Freedom House obtained documents on Hanoi’s intent to purge religion from Montagnards and Hmong communities. Christians are forced to sign pledges renouncing their religion, and if they refuse, they are beaten and sometimes killed.
Despite claims of giving more freedom to house churches, in fact the communist regime has imposed even more restrictions. Christians are now allowed to pray at home, but not in groups – including extended families, churches or in public.
Vietnam remains in gross violation of the Jackson/Vanik Amendment, a U.S. law prohibiting normal trade relations with countries that do not allow their citizens to freely emigrate. This is especially applicable regarding the Christian Montagnards who were our loyal allies during the Vietnam War. Those who are allowed to emigrate first have to pay large bribes demanded by Vietnamese officials. At times, rape is the price for emigration. Under the threat of death, Police Chief Phuong Dong Tran of Ea Xier Village in Kontum Province repeatedly raped a Montagnard woman as the price she had to pay for an exit visa so that she and her family could join her husband and their father in the United States. This was not an isolated incident.
Prisoners of conscience: More than 400 Montagnards have been imprisoned for up to 16 years under the guise of violating national security, a catchall term used by Vietnam’s police and kangaroo courts to prosecute anyone they want. Most are in prisons for practicing their Christian faith, protesting religious persecution and human rights abuses or fleeing to Cambodia to avoid the repression in the Central Highlands. Many more Vietnamese are in prison or under house arrest. Hundreds of Vietnamese political prisoners are also imprisoned.
Contrary to purported U.S. values on religious freedom and human rights, in a seemingly Neville Chamberlain-like appeasement to Vietnam, Michael Orona, the State Department’s deputy director of the Bureau of Democracy, Human Rights and Labor, recently said, “There are (only) two remaining political prisoners or prisoners of concern.” Orona, of course, was speaking of the other two imprisoned with Cuc Foshee; however, he chooses to discount the hundreds of other Montagnard and Vietnamese political prisoners.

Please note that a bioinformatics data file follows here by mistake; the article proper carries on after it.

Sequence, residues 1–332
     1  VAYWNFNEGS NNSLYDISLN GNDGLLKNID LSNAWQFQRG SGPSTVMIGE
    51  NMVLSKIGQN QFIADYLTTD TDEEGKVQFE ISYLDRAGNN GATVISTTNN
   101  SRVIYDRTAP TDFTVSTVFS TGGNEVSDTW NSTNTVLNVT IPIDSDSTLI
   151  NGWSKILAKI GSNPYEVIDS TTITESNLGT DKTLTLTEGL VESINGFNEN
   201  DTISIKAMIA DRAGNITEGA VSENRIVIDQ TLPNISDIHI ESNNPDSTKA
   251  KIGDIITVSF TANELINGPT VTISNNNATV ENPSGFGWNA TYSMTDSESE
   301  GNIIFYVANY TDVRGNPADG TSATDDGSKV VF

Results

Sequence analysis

The only good news the president had to convey to the Vietnamese communists is that the Department of State dropped them from its list of Countries of Particular Concern regarding regimes most repressive of religious freedom. Although the State Department denies that Vietnam’s removal from the blacklist had anything to do with the president’s trip to Hanoi for the Asia-Pacific Economic Cooperation summit, the delisting came over the protests of religious freedom and human rights groups, such as the U.S. Commission on International Religious Freedom.
A spokesman for the Unified Buddhist Church of Vietnam stated, “The U.S. has sacrificed principles for profits by removing Vietnam from the list on the eve of the APEC (Asia-Pacific Economic Corporation) summit.”
I asked the U.S. ambassador at large for international religious freedom, John V. Hanford III, if he was allowed to freely travel in the Central Highlands, and he said, “No!” I replied, “How then can you claim that religious tolerance there has improved?” He answered, “I have good sources of information.” One of his main sources is a Montagnard pastor who has been paid by the repressive communist regime to travel to the United States several times to propagandize that religious tolerance has improved.
* Benge spent 11 years in Vietnam, five as a prisoner of war – 1968-1973. He is a student of Southeast Asian politics and is very active in advocating for human rights and religious freedom for the peoples of this region. He lives in Falls Church, Va.